January 4, 2006

Records You Should Own

It's that time again, friends - time to focus on another Record You Should Own. These are albums that may not have gotten the attention they should receive - or, at the very least, are albums that are pretty damn cool.

Flashback to 1985: based on a Smokey Robinson-sounding single, I purchased a record called Steady Nerves by Graham Parker. However, every review I read about this album had the same theme - "It's good, but it's no Squeezing Out Sparks."

After that, I purchased a used LP copy, and...well, the rest is history. Our record this week is the expanded Squeezing Out Sparks (the expanded part I'll explain in a minute).

Pop Culture Gadabout has a wonderful overview of Parker's career, and Mr. Parker himself has a web site, but suffice it to say - this album came at a crossroads. Even twenty-six years after its initial release, it is a crackling good album, mixing R & B swing with straightforward rock. I don't think there's a bum track in the entire album, from the dramatic "Discovering Japan" to the anthemic "Passion Is No Ordinary Word", from the sneering "Local Girls" to the otherworldly "Waiting for the UFOs". This is a solidly written album, one of the first of many in Parker's career...but it showed a songwriter and band meshing completely.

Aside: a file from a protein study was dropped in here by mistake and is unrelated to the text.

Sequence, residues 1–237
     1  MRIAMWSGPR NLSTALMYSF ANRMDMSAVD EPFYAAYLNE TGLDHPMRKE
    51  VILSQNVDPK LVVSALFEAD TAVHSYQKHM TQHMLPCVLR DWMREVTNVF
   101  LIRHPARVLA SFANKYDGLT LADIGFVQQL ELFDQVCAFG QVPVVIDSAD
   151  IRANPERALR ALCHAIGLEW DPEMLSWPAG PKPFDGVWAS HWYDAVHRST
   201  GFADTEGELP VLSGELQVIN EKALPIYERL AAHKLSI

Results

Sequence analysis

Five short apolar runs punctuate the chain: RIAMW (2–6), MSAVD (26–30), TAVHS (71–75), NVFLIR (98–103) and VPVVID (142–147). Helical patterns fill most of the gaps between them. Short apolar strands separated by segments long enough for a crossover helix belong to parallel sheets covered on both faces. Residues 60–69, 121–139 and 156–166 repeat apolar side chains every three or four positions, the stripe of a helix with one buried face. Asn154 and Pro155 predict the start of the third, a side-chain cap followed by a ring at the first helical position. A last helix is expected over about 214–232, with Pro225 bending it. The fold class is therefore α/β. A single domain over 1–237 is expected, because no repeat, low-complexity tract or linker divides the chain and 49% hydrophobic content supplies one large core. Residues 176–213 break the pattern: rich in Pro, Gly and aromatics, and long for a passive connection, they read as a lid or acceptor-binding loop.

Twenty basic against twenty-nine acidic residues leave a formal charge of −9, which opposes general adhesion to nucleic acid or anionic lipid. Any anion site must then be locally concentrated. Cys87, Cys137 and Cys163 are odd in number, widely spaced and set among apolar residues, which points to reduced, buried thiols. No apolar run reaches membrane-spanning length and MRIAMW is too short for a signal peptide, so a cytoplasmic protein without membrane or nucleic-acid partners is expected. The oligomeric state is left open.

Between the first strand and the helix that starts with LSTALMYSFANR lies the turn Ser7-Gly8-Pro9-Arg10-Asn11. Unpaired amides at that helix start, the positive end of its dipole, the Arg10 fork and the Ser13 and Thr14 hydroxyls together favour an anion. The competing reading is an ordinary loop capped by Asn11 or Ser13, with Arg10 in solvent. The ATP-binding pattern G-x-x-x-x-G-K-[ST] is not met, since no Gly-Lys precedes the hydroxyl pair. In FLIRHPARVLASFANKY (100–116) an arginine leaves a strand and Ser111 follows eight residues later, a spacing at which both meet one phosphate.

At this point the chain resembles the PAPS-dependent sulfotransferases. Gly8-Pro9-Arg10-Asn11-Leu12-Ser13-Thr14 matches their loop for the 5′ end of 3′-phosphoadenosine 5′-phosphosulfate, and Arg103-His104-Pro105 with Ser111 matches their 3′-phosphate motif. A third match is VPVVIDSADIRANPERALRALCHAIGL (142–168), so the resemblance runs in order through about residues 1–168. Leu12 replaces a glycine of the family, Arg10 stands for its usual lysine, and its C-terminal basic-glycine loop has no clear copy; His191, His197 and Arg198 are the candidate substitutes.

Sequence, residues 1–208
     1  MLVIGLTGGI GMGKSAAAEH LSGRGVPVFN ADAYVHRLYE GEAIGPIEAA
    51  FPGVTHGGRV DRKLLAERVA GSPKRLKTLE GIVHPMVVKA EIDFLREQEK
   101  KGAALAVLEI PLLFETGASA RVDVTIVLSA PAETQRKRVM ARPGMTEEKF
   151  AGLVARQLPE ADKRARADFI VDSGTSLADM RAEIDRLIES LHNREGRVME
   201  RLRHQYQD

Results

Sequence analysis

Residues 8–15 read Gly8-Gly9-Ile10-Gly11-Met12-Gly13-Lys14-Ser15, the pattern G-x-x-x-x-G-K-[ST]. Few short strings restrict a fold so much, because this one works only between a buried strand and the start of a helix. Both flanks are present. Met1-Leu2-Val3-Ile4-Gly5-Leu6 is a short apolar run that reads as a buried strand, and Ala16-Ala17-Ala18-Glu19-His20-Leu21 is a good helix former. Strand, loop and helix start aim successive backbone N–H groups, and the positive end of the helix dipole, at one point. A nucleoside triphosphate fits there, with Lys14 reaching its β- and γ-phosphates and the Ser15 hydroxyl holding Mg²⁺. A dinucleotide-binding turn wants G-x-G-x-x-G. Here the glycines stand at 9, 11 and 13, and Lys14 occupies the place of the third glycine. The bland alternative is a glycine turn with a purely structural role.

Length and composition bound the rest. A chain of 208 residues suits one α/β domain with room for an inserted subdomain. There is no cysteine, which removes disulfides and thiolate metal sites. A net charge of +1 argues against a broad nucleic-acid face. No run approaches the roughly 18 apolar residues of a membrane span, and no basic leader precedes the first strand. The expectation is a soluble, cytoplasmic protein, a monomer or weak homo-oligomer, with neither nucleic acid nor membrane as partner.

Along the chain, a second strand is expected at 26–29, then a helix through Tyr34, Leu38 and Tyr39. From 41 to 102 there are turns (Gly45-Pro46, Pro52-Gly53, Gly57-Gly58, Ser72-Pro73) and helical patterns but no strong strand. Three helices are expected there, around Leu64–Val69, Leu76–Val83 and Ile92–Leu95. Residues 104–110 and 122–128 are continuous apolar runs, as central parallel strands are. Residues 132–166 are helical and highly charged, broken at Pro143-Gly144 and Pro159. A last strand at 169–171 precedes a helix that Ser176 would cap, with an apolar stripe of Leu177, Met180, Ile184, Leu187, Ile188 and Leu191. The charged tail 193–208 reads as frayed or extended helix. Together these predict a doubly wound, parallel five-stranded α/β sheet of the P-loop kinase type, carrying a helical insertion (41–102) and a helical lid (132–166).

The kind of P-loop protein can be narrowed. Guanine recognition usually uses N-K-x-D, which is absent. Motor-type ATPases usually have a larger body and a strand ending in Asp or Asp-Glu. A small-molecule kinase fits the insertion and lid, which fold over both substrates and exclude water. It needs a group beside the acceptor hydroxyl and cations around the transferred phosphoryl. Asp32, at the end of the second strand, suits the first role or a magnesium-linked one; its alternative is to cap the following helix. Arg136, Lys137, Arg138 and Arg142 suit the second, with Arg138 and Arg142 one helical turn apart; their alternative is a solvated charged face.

(Plus, Parker is one of the most quotable songwriters. Unlike his contemporaries Elvis Costello and Joe Jackson, he doesn't seem infatuated with his cleverness. Every clever turn of phrase services what Parker's trying to say. In a way, Parker is to songwriting what Quentin Tarantino would later be to screenwriting).

Around the same time, a promo-only Live Sparks album was released to radio stations, complete with live versions of the songs on SOS, with two inclusions - a live "I Want You Back" that smokes the Jackson 5 version, and Parker's own "Mercury Poisoning", decrying his treatment by a former record company. Luckily, this album was included in a release of SOS, resulting in an "expanded edition". The live tracks only prove the power of Parker's then-backing band, the Rumor, show Parker's onstage ability, and really help provide you, the home listener, value for the money.

So, if you want a balls-out album, or even a great starting point to explore Parker's career (be sure to check out Pop Culture Gadabout's other recommendations ), then Squeezing Out Sparks is definitely a "Record You Should Own."

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